Quick and simple; psoas density measurement is an independent predictor of anastomotic leak and other complications after colorectal resection.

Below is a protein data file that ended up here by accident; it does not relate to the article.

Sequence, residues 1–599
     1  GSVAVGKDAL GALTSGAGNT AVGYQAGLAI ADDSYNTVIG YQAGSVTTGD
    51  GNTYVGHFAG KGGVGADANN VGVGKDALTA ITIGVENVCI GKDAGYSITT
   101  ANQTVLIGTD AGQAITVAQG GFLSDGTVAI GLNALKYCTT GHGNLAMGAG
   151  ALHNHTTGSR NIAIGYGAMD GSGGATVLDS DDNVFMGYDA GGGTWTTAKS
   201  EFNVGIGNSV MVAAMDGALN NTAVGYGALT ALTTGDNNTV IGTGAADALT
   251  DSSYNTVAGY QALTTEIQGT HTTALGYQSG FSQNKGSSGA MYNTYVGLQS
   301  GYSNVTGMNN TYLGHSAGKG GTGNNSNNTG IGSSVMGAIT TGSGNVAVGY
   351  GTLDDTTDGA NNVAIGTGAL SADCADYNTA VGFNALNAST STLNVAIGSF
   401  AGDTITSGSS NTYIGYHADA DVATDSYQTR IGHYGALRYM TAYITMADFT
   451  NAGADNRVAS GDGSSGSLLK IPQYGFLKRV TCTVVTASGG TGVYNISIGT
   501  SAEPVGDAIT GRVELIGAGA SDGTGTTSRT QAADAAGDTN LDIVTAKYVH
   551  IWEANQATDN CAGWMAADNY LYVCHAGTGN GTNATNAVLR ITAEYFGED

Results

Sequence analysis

BACKGROUND: Radiologically defined sarcopenia has been shown to predict negative outcomes after cancer surgery, however radiological assessment of sarcopenia often requires additional software and standardisation against anthropomorphic data. Measuring psoas density using hospital Picture Archiving and Communication Systems (PACS), universally available in the UK, may have advantages over methods requiring the use of additional specialist and often costly software. The aim of this study was to assess the association between radiologically defined sarcopenia measured by psoas density and postoperative outcome in patients having a colorectal cancer resection. METHODS: All patients having a resection for colorectal cancer, discussed by the colorectal multi-disciplinary team in one institution between 1/1/15 and 31/12/15, were retrospectively identified. Mean psoas density at the level of the L3 vertebra was analysed from preoperative computed tomography (CT) scans to define sarcopenia using the Picture Archiving and Communication Systems (PACS). Postoperative complications and mortality were recorded. RESULTS: One hundred and sixty-nine patients had a colorectal resection for cancer and 140 of these had a primary anastomosis. Ninety-day mortality and 1-year mortality were 1.1% and 7.1%, respectively. Eighteen (10.7%) patients suffered a Clavien-Dindo grade 3 or 4 complication of which 6 (33%) were anastomotic leaks. In the whole cohort, sarcopenia was associated with an increased risk of Clavien-Dindo grade 3 or 4 complications [adjusted OR 6.33 (1.65-24.23) p = 0.007]. In those who had an anastomosis, sarcopenia was associated with an increased risk of anastomotic leak [adjusted OR 14.37 (1.37-150.04) p = 0.026]. CONCLUSIONS: A quick and easy radiological assessment of sarcopenia by measuring psoas density on preoperative CT scan using software universally available in the UK is highly predictive of postoperative morbidity in colorectal cancer patients.